In a world beset by so many challenges, problems and disputes, it is a sign of hope that more than 150 world leaders will gather this week at the United Nations to adopt a new vision for the future well-being of all humankind.
World leaders are coming to New York because they understand the need to steer the world onto a safer, more equitable and more sustainable trajectory. At the heart of the new agenda are the Sustainable Development Goals (SDGs): 17 bold yet achievable goals that aim to end poverty, fight inequality, tackle climate change and build peaceful societies by the year 2030.
Also known as the "Global Goals for Sustainable Development," the SDGs are the result of the most open and transparent consultation process in the history of the United Nations, in which individuals, community organizations, businesses, scientists, academics and other partners worked with Governments. Millions of people shared their vision for a better world and what is needed to attain it. The result is truly the people's agenda. The Goals are universal; they apply to all countries, since we know that even the wealthiest have yet to conquer poverty or achieve full gender equality. No one goal is more important than any other; they are integrated and mutually reinforcing. For instance, access to energy will allow a child to study at night. This energy might come from a solar source and therefore be tackling climate change. In turn, the solar-panel industry might be helping a developing country grow its economy. Greater opportunity to study, in turn, can lead to better job opportunities, innovation, and stronger national institutions.
The Goals also have strong links to our efforts to foster international peace and security. It is in countries affected by conflict where so much human need resides. We will not reach the SDGs without renewed resolve to end today's conflicts and violence. When hostilities start, so much else comes to a halt: schooling, vaccination campaigns, economic growth, development itself. At the same time, achieving the goals would help to prevent instability and violence. The new Goals therefore aim to promote just, peaceful and inclusive societies, access to justice and effective, accountable and inclusive institutions. A sustainable world will be a safer one.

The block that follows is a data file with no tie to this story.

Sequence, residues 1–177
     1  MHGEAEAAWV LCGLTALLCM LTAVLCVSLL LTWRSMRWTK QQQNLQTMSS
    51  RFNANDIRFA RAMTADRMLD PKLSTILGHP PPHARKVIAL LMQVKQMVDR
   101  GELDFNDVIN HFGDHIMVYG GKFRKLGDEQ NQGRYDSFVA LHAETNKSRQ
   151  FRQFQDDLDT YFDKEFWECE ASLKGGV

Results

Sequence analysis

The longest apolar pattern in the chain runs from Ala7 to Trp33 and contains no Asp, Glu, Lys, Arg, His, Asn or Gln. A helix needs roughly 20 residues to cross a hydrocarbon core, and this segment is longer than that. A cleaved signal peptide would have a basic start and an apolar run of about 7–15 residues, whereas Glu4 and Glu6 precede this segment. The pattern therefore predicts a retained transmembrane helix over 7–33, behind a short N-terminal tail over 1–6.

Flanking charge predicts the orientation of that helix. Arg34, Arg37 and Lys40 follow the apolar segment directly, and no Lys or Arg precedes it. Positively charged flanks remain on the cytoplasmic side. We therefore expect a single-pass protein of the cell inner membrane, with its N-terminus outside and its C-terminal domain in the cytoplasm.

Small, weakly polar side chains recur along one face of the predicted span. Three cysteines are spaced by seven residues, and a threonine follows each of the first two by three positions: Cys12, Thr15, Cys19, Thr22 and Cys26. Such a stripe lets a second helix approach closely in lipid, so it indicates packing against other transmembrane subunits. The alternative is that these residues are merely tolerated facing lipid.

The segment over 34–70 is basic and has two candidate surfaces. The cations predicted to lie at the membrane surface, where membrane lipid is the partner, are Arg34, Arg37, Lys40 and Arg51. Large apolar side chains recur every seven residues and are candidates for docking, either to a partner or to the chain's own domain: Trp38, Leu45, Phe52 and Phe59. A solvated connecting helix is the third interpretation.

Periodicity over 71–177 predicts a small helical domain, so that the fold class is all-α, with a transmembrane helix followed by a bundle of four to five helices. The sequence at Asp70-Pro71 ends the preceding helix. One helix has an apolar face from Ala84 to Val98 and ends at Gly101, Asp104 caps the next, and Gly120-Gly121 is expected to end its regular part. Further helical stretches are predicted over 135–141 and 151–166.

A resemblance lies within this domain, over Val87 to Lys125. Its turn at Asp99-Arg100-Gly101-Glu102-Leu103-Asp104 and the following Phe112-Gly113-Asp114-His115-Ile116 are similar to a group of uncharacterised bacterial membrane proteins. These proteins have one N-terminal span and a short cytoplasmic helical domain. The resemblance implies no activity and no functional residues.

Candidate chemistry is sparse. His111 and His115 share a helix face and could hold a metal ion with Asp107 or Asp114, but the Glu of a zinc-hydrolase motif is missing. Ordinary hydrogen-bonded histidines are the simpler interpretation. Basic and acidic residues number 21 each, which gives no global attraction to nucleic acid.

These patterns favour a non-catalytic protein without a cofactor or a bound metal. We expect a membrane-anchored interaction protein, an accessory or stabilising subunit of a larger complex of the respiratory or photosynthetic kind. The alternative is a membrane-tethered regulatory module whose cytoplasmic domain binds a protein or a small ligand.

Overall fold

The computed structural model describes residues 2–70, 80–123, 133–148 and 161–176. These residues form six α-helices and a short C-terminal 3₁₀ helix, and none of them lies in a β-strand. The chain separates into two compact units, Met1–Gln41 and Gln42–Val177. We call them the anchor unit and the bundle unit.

Making such dramatic improvements in the span of 15 years will be no small feat. Yet we already know that global goal-setting works. The Millennium Development Goals, adopted in 2000, have improved the lives of millions of people. Global poverty continues to decline; more people have access to improved sources of water; more children than ever are attending primary school; and targeted investments in fighting malaria, AIDS and tuberculosis have saved millions.
But much more needs to be done, especially to reach the most marginalized and vulnerable and put us all on a sustainable-development path. The new agenda and Goals embody a commitment to leave no one behind. They are for millennials and grandparents, city dwellers and rural communities, employers and employees, developed and developing countries alike.
Just as so many people joined in the process of articulating the SDGs, achieving them requires effort from everyone, everywhere. The United Nations and I look forward to working with people across the world to bring the goals to life and to transform our world. That's the plan; that's the promise; let's get to work!
The author is Secretary-General of the United Nations.
This post is part of a series produced by The Huffington Post, "What's Working: Sustainable Development Goals," in conjunction with the United Nations' Sustainable Development Goals (SDGs). The proposed set of milestones will be the subject of discussion at the UN General Assembly meeting on Sept. 25-27, 2015 in New York. The goals, which will replace the UN's Millennium Development Goals (2000-2015), cover 17 key areas of development -- including poverty, hunger, health, education, and gender equality, among many others. As part of The Huffington Post's commitment to solutions-oriented journalism, this What's Working SDG blog series has focused on one goal every weekday in September. This post, published on the day the conference is scheduled to start, addresses all the Goals.